In stark contrast to the recent New Home Sales data, a new white paper from Black Knight suggests that, by the time we include existing homes, there are actually "severe, accelerating, chronic shortages in every market," and "in every price range."  

Collateral Analytics (a division of Black Knight) compiles various monthly statistics focused on price, availability, time on market, etc. to arrive at what it refers to as a "market condition rating" (MCR) for the top 100 metro areas in the U.S.  The MCR ranges as follows: "hot, strong, good, normal, soft, weak, distressed" with a majority of the nation tending to fall in the middle 3 categories at any given time.

Today's analysis points out that we typically see less than 10% of the market fall into one of the extreme categories, even at the top/bottom of major housing cycles, but that current conditions may force a revision in the MCR methodology.  Reason being, 16% of metro areas are in "hot" territory right now and a whopping 80% are very close.  Moreover, zero out of the 100 metro areas ranked as anything less than "good" on the MCR scale.

While all of the data points used to calculate MCR are connected, the paper points out that one stands out from the rest in the current cycle: Months of Remaining Inventory. The following charts shows this statistic on the national level, where it looks substantially similar to the same metric from NAR's Existing Home Sales data.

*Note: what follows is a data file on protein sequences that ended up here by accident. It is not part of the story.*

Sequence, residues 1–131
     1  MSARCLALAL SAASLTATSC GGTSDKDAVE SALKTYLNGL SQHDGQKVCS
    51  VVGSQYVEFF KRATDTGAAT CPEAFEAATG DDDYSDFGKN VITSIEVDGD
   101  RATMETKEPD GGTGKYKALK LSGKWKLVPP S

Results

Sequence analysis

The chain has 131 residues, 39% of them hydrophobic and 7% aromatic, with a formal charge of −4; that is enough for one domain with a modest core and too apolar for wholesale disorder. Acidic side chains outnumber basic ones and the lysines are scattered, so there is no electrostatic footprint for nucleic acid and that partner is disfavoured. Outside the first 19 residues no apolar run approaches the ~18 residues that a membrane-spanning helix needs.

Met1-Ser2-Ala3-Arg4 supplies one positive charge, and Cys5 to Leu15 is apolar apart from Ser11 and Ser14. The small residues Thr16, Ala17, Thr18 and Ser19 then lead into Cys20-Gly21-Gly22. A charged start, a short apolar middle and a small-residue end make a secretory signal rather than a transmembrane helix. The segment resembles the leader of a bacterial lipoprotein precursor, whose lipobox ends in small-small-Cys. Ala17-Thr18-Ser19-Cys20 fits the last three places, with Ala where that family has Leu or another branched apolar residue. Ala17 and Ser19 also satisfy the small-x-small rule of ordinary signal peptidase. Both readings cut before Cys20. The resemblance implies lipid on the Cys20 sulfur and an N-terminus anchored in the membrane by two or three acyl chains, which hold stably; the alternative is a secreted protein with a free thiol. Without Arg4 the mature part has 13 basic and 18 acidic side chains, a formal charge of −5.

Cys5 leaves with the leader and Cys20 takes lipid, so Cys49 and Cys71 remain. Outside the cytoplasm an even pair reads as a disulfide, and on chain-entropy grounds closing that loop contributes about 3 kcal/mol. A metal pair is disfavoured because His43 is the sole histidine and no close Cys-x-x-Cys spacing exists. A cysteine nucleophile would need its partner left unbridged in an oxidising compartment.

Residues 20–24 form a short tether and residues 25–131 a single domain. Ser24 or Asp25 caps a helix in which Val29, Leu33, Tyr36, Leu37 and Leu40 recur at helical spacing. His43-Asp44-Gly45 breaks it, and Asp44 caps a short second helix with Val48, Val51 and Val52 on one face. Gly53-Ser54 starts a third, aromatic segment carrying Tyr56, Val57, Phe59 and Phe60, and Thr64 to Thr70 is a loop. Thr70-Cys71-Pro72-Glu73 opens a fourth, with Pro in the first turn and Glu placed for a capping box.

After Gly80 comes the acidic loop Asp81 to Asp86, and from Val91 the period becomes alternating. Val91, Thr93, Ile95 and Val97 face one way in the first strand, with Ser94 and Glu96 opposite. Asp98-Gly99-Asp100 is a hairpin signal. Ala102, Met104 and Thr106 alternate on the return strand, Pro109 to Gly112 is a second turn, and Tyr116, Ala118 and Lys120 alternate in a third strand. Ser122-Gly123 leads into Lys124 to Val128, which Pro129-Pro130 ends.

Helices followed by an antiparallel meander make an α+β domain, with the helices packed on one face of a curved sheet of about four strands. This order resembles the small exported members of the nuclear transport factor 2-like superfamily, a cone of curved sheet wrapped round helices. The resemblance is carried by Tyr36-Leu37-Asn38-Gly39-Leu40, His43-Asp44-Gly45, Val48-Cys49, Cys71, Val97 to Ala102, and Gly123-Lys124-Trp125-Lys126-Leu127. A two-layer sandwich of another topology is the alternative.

The paper singled out several metro areas for further examination based on price ranges.  The findings were similar for all of them: whereas there has been a good amount of variation between higher and lower priced homes in the past, the distribution has drastically compressed over the past few years.  This began before the pandemic, but became an even bigger issue afterward.

The authors cite 7 key reasons for the trend:

1. Increased informational efficiency - It's easier than ever to shop for and find homes.

2. Accommodating fiscal policy- Rates spent longer than ever at lower-than-ever levels.  Owners who refi'd at these rates have little incentive to give up their mortgages.

3. Remote Work - Everyone moved to the suburbs!

4. Institutional Investors - Housing has been a fashionable investment on Wall St and these institutional investors account for a significant amount of demand--especially in the lower price tiers.

5. Restrictive Zoning - Certain metros have rules that prevent higher density housing, thus increasing demand for single-family homes.

6. Supply Chain - Land, labor, and material shortages only hurt housing availability further.

7. Rooted Sellers - See number 2 above, but also consider that a starved inventory situation only creates an additional reason for sellers to stay put.